Eight millennials who were put through a superannuation experiment for The Project were “emotional” and “petrified” by what they discovered.
The young Aussies, aged between 26 and 35, were asked about their ideal retirement.
“I want to retire at age 40. I want to make sure basically I can book a first class ticket to anywhere in the world and not have to look at the price,” 26-year-old Logan said.
Beth, 29, wanted it to be stress-free, relaxed and a bit of adventure, while 34-year-old Nikki had a goal to rely on her own money rather then receiving the aged care pension.
For the experiment, the millennials stood in front of a series of circles that led to a red line, and they had to step forward if a question regarding their financial affairs applied to them.
The closer they got to the red line the higher chances they had of experiencing financial stress in retirement.
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But there was one piece of advice that floored the participants.
“If you’re single you’re going to need close to $1 million in retirement assets to live without any debt and a house that’s fully paid off to be not reliant on the aged pension,” explained Ellie Fordham, financial advisor at Dozzi, a Brisbane-based financial planning firm, who helped conduct the experiment.
“I feel a bit emotional to be honest I think it’s a bit of a wake up call,” said 27-year-old Joshua in response to the $1 million figure.
Ben, 31, said he was not sure he would achieve that “even working full time in a stable job for 30 years”.
Mum Beth was most alarmed. “If Ben is terrified than I’m petrified because I think I out of everyone here I am closest to the line,” she said.
Ms Fordham told the millennials that to retire comfortably individuals will need $545,000 and for couples $640,000 in their super pot, but there was a catch. It would only apply if they weren’t paying rent and even with that amount of money they would still need to rely on the aged pension.
“My current super balance is just over $100,000 and being 29 I feel like I’m getting pretty close to that $500,000 I’ve got to have,” said Eva.
But it was a different story for Joshua. “I don’t feel financially set yet, I don’t have much super so that’s why I’m here,” he explained. “That’s real scary, I’m 27 and I’m probably sitting at $20,000.”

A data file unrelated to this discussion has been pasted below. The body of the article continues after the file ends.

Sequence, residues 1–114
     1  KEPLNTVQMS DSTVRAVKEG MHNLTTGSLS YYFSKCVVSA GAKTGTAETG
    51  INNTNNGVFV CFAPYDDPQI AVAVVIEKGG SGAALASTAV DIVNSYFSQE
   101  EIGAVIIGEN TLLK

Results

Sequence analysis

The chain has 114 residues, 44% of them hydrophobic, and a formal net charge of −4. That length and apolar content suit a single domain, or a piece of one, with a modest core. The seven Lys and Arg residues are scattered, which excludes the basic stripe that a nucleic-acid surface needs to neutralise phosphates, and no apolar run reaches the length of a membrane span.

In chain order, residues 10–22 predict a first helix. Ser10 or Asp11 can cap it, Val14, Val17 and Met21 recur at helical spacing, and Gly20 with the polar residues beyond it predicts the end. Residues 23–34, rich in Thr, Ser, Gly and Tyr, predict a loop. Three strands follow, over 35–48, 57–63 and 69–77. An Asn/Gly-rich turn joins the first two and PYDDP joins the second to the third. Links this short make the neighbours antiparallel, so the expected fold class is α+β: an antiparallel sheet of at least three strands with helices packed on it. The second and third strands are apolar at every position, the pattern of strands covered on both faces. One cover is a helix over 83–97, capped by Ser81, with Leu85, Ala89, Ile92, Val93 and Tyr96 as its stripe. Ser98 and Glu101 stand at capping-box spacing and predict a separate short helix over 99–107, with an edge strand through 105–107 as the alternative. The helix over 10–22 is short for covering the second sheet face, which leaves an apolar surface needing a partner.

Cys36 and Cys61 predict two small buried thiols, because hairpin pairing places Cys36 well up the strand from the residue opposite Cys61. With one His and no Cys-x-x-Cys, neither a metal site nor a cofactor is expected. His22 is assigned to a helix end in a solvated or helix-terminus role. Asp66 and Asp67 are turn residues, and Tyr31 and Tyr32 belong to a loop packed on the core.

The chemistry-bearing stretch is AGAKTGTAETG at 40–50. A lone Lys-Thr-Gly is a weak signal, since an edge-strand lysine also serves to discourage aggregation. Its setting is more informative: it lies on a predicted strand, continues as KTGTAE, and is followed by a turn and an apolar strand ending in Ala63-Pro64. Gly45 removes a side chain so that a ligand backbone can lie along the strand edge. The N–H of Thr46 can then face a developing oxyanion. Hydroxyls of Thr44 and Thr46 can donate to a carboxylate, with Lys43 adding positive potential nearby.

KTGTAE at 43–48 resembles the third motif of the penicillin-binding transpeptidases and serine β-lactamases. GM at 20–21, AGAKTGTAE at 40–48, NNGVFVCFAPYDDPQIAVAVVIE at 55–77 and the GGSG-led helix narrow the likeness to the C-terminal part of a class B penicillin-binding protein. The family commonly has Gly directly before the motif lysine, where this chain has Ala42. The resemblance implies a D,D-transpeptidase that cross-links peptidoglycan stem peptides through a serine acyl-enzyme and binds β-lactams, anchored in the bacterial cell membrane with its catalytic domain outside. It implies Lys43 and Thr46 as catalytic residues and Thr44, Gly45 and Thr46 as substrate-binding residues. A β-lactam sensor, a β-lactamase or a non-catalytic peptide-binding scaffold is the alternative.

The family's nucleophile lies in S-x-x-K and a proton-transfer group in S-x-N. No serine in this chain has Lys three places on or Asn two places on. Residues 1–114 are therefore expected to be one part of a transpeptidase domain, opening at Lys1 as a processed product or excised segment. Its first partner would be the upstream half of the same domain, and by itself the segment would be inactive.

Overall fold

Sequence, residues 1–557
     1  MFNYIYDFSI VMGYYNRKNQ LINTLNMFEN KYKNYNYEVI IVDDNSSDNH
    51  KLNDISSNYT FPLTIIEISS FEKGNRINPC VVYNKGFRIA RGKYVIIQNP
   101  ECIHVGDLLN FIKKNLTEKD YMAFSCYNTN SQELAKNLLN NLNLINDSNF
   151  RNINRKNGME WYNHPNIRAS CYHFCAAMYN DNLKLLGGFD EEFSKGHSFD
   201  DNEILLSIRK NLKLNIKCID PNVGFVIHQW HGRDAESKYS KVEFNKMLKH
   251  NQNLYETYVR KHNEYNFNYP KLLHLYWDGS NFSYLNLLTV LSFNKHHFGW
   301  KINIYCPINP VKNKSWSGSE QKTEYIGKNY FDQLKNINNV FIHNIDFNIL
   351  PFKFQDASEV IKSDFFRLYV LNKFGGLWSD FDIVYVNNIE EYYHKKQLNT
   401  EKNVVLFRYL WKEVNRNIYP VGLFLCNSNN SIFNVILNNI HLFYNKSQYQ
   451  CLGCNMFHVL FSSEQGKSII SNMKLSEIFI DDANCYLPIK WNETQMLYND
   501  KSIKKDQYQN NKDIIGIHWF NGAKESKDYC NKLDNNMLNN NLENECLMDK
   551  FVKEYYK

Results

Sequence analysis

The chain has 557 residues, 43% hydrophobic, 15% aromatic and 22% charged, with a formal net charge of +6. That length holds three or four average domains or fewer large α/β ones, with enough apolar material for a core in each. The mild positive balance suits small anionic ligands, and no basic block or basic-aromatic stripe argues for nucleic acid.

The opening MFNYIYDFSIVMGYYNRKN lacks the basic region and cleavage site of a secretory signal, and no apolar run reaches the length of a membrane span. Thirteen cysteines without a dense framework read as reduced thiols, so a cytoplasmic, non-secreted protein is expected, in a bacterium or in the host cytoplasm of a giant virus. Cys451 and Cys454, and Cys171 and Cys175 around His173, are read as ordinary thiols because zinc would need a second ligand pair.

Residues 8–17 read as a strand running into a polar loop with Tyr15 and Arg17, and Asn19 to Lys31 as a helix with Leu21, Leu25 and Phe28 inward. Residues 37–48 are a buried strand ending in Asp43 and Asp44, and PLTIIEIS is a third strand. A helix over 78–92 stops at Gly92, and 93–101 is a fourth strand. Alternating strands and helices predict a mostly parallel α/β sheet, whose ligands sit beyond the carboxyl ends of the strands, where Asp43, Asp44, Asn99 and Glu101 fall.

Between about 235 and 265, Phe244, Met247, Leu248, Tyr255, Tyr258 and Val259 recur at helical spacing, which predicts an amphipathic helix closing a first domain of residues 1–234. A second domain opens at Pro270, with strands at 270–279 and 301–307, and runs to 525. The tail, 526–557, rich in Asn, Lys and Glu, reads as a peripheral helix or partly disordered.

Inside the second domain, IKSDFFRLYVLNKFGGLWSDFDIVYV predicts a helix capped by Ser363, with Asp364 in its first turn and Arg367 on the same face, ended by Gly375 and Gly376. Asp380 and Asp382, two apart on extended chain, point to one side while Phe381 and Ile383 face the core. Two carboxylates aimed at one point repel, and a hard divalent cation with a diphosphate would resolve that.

At one stage in the experiment, all the women in the room were asked to take a step forward.
“How does it make you feel to already be at a disadvantage because of your sex?” asked Ms Fordham.
She revealed that women’s super balances are typically 40 per cent lower than men.
“I have been a single parent, stay at home (for) six, seven years so that’s a big chunk out of the workforce and out of my super so I have a lot of catching up to do,” said Beth.
If participants were renting and still trying to break into the home ownership, they were also asked to come forward.
“All the house prices jumped right up and that sort of scared me off,” said Eric, 26.
“I’m living at home but I would like to buy my own home (but) trying to afford a house right now is crazy,” added Joshua.
Home ownership is a huge factor for young people’s retirements, explained Ms Fordham.
“The number of homeowners aged under 35 has halved since 1995 and most of the properties are now concentrated in the hands of 65 year olds and older and this is concerning considering how important it is to own your home to have a comfortable retirement,” she said.
The millennials were also asked to take a step forward were if they earned less than $62,500, had withdrawn super money early or are likely to take more than six months out of the workforce.
The rise of the gig economy was also likely to have a big impact on millennials retirement, Ms Fordham said.
“Less than half of all Australians are currently in permanently full time work and by 2025, 75 per cent of the workforce is going to be made up by millennials,” she said. “And with the gig economy on the rise this is really concerning that more and more millennials are not going to have contributions going into their super fund.”
Participants were also asked to step forward if they didn’t make extra contributions to their super – with Ms Fordham recommending that this was a good first step for millennials to get ahead with their super.
At the end of the experiment Logan was the only one confident about his retirement.
“I’m 100 per cent on a good trajectory, I’m stoked with where I’m sitting today, it goes to show everything mum has taught me has paid off,” he said.
After the segment aired, host Carrie Bickmore said she was shocked by one thing in particular.
“I’m so naive I honestly thought we had come further than women having 40 per cent less super than men,” she remarked.